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Education and Prevention are essential!

Preventative Dental Care

Children and adults face a variety of dental challenges including tooth decay and infection. The best way for you to avoid dental issues now – and in the future ­– is to start forming good dental habits. The good news is that many dental problems, including cavities, are entirely preventable. At Henderson & Henderson, we can help you stay cavity-free with preventative dentistry services including routine dental exams and professional cleanings, treatment with fluoride varnish, and the use of sealants.

Regular Dental Exams and Professional Cleanings

Making a habit of regular dental checkups is one of the best things you can do for your oral health. We suggest scheduling dental checkups every six months, including a thorough cleaning and professional examination to prevent any cavities or other dental issues from forming. Regular dental checkups also allow our dentists to identify and quickly treat any potential dental problems that may appear.

Fluoride Varnish

Fluoride is a vital mineral that prevents tooth decay. Flouride may or may not be in the water you drink or the toothpaste you use, so at Henderson & Henderson, we offer a quick and easy treatment with fluoride varnish to protect your teeth.

Dental Sealants

A dental sealant is a special plastic that coats the back teeth (molars) to protect them from cavity-causing food particles and bacteria. We can protect your molars with dental sealants to help them stay cavity-free. Sealants can be applied to children and adults alike.

Digital X-Rays

Digital x-rays are also called digital radiography and are current technology that takes the place of dental x-rays done on film. Dental x-rays are an essential preventative and diagnostic tool that gives dental professionals valuable information to use in treatment. This information is used to help find dental abnormalities that are hidden from view so an accurate treatment plan can be created. Without x-rays, some problems may not be detected.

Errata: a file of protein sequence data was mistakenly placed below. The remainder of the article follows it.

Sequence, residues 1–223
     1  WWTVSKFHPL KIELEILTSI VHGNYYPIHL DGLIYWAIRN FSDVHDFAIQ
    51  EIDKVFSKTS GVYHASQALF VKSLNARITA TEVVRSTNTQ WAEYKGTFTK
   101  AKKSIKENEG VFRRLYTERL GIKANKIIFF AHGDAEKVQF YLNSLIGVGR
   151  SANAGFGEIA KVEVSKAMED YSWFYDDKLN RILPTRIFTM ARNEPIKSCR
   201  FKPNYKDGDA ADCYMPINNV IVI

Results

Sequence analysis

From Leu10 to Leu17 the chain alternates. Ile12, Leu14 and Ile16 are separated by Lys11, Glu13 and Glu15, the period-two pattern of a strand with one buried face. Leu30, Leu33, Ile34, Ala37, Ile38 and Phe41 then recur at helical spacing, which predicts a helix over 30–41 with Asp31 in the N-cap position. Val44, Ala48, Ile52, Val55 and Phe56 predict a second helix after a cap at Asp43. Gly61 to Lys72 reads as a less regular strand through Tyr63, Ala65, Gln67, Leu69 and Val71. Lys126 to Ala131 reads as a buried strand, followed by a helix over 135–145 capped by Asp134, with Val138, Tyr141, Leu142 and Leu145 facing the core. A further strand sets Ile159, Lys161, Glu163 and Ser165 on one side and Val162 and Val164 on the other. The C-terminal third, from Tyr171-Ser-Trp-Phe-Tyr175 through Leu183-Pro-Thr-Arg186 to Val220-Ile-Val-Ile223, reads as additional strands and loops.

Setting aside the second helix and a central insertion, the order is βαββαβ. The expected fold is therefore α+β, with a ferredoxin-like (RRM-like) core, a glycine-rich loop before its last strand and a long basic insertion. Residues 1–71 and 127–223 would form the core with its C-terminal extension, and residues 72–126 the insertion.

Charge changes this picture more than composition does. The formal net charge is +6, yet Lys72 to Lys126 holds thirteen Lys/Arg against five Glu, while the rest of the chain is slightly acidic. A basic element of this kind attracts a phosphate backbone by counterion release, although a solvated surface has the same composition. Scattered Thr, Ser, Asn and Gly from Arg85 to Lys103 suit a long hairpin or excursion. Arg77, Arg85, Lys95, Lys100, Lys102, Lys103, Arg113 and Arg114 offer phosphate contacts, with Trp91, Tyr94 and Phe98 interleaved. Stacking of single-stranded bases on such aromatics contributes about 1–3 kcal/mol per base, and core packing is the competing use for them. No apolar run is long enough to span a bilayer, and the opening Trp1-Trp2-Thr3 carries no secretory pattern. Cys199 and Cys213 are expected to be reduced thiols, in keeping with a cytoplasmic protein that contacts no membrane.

Dental x-rays can help find:

  • Cysts or abscesses
  • Loss of bone
  • Noncancerous and cancerous tumors
  • Decay between teeth
  • Development abnormalities
  • Poor tooth or root positioning
  • Issues below the gum line
  • Issues inside teeth

Finding and treating dental issues early can save money, time and prevent discomfort -- and reduce the chance of losing teeth

Panoramic X-rays

Panorex or panoramic x-rays are wraparound photos of your teeth and face. They provide information that is otherwise unavailable without some kind of instrument, including exposing hidden structures like wisdom teeth and the early signs of cavities. Bone loss and fractures also show up.

Panoramic x-rays are easy to perform without putting film in your mouth. The film is concealed inside a machine that rotates around the head. While bitewing x-rays are often taken every year, panoramic x-rays are usually only done when needed. The purpose is not to give a detailed look at each tooth but to provide a good view of sinuses, the nose and the mandibular nerve. In addition, panoramic x-rays are better than bitewings when a patient is in great pain or when a sinus problem is believed to be related to the dental problems

These versatile x-rays are also used for:

  • Diagnosing the reason for an overactive gag reflex
  • Checking the progression of TMJ
  • Finding abnormalities like cysts
  • Looking for impacted teeth
  • Finding jawbone fractures
  • Planning for dentures, braces and implants
  • Seeing cavities and gum disease

Are X-Rays Safe?

Everyone is exposed to radiation from the environment as a part of normal life. Today’s digital x-rays involve significantly less radiation than traditional x-rays. In addition to being healthier, they are also more comfortable to take and quicker. The electronic image is also created without the use of harmful chemicals and generates no waste. Plus, the image can be manipulated. Even though the radiation involved in dental x-rays is very low, precautions are still taken to control your exposure. These include limiting the use of x-rays and putting a lead apron on you to shield the rest of the body. 

How often should digital x-rays be done?

The frequency of dental x-rays depends on your specific dental health needs, and your dentist or hygienist will recommend them to you when necessary based on your dental and medical history. These professionals will also do additional x-rays if an exam, symptoms, age or disease risk indicate it. For new patients, a full mouth series of x-rays may be recommended and does not need to be repeated for three to five years. 

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